Friday, 20 February 2009

The lines between Search and Display blur on Yahoo!

Today I read about Yahoo! introducing Rich media ads within its search listings. Brands to trial it so far include: Pepsi, Pedigree, Staples and Esurance who have reported uplifts in CTR of about 25%.

Campaign creative as reported by Brand Republic as follows:
  • US office supply company Staples shows a Staples logo next to the text ad.
  • Pepsi's 'Rich Ad in Search' reveals a minute-long viral featuring Bob Dylan, rapper and Bruce Lee.
  • The service also lets users search for products or a store location directly using their post code -- for example Esurance's listing lets users enter their zip codes from the results page for insurance quotes."
My thoughts:
Pricing Model:
My first thought, how to charge for this?
  • CPC: wont work, as people will click randomly our of curiosity and or excitement.

  • CPM: wont work, as its just not practical for search.

  • Tenancy: Yahoo! have opted for a tenancy based pricing model on a monthly basis. Not bad, except this detracts from the accountability of New Media and does not guarantee interaction much less attention. But agencies will undoubtedly pay, if nothing else to be at the forefront of media trends.

For me, the next step for Yahoo! would be to experiment with a Cost per engagement model as introduced by Video Egg. Once users get familiar with the format of course.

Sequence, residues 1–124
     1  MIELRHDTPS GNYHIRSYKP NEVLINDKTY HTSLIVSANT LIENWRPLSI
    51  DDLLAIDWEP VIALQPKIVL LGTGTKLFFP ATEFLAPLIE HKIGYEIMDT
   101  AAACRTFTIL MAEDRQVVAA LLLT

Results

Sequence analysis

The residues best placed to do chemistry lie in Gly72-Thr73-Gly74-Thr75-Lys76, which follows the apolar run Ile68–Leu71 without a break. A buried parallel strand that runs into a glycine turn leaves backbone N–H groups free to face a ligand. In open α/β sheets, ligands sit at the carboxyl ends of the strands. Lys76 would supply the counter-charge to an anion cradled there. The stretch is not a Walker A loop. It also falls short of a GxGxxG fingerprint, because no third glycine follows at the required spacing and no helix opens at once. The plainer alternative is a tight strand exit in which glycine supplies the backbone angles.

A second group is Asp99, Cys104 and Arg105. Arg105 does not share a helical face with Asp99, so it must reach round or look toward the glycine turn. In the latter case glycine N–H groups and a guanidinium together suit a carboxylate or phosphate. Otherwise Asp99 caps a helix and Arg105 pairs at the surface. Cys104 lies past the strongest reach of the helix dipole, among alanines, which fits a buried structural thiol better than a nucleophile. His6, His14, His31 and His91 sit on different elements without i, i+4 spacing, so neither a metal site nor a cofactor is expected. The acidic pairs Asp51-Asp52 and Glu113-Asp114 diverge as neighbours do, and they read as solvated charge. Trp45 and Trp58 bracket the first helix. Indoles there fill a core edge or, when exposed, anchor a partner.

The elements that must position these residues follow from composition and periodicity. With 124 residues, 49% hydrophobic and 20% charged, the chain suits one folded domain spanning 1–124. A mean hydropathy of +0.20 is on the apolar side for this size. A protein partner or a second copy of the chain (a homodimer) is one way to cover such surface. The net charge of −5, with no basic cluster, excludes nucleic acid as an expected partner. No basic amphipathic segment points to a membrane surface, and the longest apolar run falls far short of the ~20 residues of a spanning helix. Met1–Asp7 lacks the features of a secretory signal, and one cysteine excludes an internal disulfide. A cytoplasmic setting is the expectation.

As a planner I immediately wonder, where would the budget fall under? Search of Display?

It is technically Display, but in a search environment. I would say at the very least these placements couldn't come out of the search budget. This would surely skew results, particularly with campaigns such as Esurance which have a DR aspect.

This budget surely has to come from the display budget or ideally from a separate budget altogether dedicated solely to experimenting with this format. However, if the only way to implement the creative is via a search booking, budget must also be allocated to search for this. Confusing? sounds like it.

As more details emerge of course it could be that Yahoo! have covered these issues. So for now I can only speculate.

...I really welcome Yahoo! dipping its toe into the unknown. Innovation is what keeps our business interesting and Yahoo! seems to get that. I look forward to feedback from the Yahoo audience once the excitement wears off. Right now 25% click through doesn't mean very much in terms of the formats longevity. Only with time, will we see if rich media search can take its seat in the IAB hall of fame...

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